HI-AWARE Brief - 14
Key Message: Adaptation requires careful consideration of what to do when in order to sustain development efforts over time.
Assessment of when people are most vulnerable guides adaptation to offer fit-for-purpose solutions to people in different socio-cultural contexts. Critical climate stress moments are already experienced across different sectors in the Hindu Kush Himalaya. People are coping, yet not prepared enough for future changes in climate. For timely adaptation it is crucial to assess when turning points for decision-making are reached.
HI-AWARE started the development of adaptation pathways in the Hindu Kush Himalaya region. Making adaptation pathways helps to assess whether development is sustainable within the context of climate change and when adaptations are needed. In order for development plans to be climate-resilient they need to include choices and actions that reduce climate change impacts to sustain development efforts over time. Participatory development of adaptation pathways helps to prepare for change and facilitate the transformation needed for adaptation.
HI-AWARE Brief - 15
Key Message: The pilots implemented by HI-AWARE present contextually relevant and ecologically friendly technologies in the field of flood resilience, climate smart agriculture, and water and heat stress management. They have shown promising results and responses to existing climate risks at the local level, and in preparation for uncertainties relating to future climate risks.
The co-designing, planning, testing and implementation of various technologies with communities and other stakeholders, and existing technologies, are critical factors for successful pilots in the HKH region.
Kripa Shrestha, Students' Dissertation, 2018
Landslide is one of the major type of natural disaster that causes loss of life and property in Nepal. The landslide risk assessment using GIS and remote sensing tools identifying hazard, vulnerability and risk are very useful for disaster risk reduction and management. The study was carried out in the Chepe river corridor using two landslide hazard models which were compared for the evaluation of the performance of the hazard model in the small area like a river corridor.
Sunam Pradhan, Students' Dissertation, 2017
Climate change is a slow natural process that has been taking place in earth since its formation. The agriculture production is entirely dependent on precipitation, temperature and other weather conditions. The irrigation systems though constructed to provide supplementary water to the fields are affected due to change in precipitation pattern and volume. Khageri Irrigation System is chosen to study the climatic variability triggered changes in farming in irrigated scenario as it covers a large area of 3900 ha in Chitwan.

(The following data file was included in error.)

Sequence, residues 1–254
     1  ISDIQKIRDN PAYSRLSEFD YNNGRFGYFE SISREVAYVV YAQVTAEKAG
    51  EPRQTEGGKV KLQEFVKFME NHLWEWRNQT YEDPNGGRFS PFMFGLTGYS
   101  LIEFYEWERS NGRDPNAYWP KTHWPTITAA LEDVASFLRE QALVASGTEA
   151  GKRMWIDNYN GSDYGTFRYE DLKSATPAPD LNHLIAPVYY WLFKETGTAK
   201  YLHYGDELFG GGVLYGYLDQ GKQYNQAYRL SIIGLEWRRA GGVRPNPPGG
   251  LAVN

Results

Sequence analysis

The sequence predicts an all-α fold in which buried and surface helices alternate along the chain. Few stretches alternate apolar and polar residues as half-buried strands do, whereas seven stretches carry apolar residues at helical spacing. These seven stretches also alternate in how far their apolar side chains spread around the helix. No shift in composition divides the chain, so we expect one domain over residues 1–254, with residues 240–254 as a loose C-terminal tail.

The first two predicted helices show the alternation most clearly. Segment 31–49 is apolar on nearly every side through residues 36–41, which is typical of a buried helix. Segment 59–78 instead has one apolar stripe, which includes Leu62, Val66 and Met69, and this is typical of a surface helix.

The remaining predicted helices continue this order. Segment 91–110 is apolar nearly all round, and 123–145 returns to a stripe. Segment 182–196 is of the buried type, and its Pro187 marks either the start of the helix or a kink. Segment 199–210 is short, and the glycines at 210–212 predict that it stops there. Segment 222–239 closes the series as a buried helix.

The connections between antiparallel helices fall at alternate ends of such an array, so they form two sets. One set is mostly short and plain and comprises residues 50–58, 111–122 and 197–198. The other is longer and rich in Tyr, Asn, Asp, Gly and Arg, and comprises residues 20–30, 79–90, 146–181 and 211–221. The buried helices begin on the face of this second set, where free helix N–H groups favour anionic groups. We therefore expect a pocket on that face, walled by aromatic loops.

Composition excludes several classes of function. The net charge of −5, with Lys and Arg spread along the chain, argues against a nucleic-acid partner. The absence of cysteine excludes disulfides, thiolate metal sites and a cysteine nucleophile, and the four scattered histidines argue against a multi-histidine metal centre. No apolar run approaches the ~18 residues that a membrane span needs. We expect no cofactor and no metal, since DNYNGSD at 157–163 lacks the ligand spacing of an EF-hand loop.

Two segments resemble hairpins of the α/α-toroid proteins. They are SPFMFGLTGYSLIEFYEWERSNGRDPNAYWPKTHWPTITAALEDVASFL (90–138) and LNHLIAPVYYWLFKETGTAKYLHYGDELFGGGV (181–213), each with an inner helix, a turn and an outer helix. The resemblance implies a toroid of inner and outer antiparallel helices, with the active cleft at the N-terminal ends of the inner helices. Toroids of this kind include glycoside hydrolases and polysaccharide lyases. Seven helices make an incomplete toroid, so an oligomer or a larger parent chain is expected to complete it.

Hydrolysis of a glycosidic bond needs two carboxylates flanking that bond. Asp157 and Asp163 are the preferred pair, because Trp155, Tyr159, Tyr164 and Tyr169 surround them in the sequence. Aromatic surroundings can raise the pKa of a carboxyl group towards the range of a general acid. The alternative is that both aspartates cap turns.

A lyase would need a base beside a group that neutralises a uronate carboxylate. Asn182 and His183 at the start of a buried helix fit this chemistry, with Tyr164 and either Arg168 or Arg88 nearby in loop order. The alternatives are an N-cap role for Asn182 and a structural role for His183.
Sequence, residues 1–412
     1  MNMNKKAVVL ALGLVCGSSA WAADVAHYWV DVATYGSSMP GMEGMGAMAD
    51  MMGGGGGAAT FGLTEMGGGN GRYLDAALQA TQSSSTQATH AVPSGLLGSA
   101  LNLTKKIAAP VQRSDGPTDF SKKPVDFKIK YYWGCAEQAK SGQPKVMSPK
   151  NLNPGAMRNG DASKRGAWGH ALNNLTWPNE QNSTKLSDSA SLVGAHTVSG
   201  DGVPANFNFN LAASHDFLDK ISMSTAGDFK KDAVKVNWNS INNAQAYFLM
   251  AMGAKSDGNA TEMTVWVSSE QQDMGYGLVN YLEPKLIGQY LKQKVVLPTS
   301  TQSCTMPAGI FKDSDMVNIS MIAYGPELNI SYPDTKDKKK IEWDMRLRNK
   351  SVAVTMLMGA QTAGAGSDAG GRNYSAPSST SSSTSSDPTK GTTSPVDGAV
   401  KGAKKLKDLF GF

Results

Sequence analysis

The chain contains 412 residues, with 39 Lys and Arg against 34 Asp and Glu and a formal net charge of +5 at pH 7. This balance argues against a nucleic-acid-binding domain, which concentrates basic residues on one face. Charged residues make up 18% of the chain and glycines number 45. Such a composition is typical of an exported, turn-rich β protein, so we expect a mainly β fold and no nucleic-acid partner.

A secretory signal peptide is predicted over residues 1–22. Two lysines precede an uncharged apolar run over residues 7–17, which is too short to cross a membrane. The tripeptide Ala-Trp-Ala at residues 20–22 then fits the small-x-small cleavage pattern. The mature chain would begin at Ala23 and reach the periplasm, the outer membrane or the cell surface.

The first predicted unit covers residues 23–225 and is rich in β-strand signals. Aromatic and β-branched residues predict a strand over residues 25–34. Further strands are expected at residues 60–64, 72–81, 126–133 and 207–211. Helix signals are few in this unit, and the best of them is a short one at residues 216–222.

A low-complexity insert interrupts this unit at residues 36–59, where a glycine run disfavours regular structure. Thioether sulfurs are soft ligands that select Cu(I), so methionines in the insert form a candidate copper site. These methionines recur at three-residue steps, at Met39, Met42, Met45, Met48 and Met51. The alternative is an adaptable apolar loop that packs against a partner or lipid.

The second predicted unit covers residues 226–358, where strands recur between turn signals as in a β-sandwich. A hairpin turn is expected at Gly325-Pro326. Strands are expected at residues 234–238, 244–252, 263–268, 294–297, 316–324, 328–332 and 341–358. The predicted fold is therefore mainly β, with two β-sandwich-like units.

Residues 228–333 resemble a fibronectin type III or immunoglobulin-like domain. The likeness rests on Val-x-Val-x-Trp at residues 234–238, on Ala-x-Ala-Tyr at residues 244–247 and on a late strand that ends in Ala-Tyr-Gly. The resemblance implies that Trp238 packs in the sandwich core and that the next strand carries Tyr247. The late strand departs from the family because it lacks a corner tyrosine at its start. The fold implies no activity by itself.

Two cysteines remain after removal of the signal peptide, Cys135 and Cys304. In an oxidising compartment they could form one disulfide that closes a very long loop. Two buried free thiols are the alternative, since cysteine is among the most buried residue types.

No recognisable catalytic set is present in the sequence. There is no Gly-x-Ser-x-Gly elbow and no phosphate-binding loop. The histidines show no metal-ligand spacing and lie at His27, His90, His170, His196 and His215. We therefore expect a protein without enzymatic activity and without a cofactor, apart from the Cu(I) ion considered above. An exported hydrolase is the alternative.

Zubair Hafeez, Students' Dissertation, 2017
Climate change is reality now and fresh water resources are under threats in this context. The assessment of impacts of climatic variabilities on available water resources is necessary to identify adaptation strategies. Simly dam a key source of drinking water for Islamabad city is likely to be affected by such type of changes.
Kashif Jamal, Students' Dissertation, 2016
Investigation of streamflows in high–altitude cryosphere due to the changing climate is an immense challenge under inadequate climate records. The current study compares the efficiency of rainfall–runoff model (HEC–HMS) and the snowmelt–runoff model (SRM) for current climate in Hunza River catchment. Landsat–5 & 8 imagery was selected for land cover classification and change detection using Earth Recourses Data Analysis System (ERDAS) Imagine tool.
Hammayun Zulfiqar Rana, Students' Dissertation, 2016
Impact of climate change has not only significantly altered hydrologic process but will also continue to influence events of extreme flood disasters in future. Rainfall-runoff models which simulate the catchment responses are frequently used to study prediction of flooding events and future hydrological scenario. Owing to profound impact of climate change and the extensive flood events, formulation of effective flood mitigation & adaptation strategies has assumed added significance.
Maria Javed, Students' Dissertation, 2018
Freshwater “inadequacy” and security have been determined to be chief global environmental problems of 21st century. But it is unusually difficult to specify the type of global water crisis which the world is facing right now (Srinivasan et al., 2012) despite the global population is estimated to rise to about 9 billion by 2050 (Gleick and Palaniappan, 2010).
Highlights Report (2014-2018)
HI-AWARE’s overall goal is to enhance the adaptive capacities and climate resilience of the poor and vulnerable women, men, and children in the mountains and plains of the glacier and snowpack-dependent river basins of the Hindu Kush Himalaya (HKH), focusing on the Indus, Ganges, and Brahmaputra river basins, through the development of robust evidence to inform people-centred and gender sensitive climate change adaptation policies and practices for improving livelihoods. This report documents the journey of HI-AWARE from February 2014 to October 2018. This end of project report provides a comprehensive overview of the project, its major outcomes and impact. It is aimed at researchers, policy makers, practitioners and students interested in the issue of climate change adaption in HKH region as well as project management, research with impact, and capacity building in large scale action research settings. The report is divided into three parts: generating knowledge, research uptake and strengthening expertise.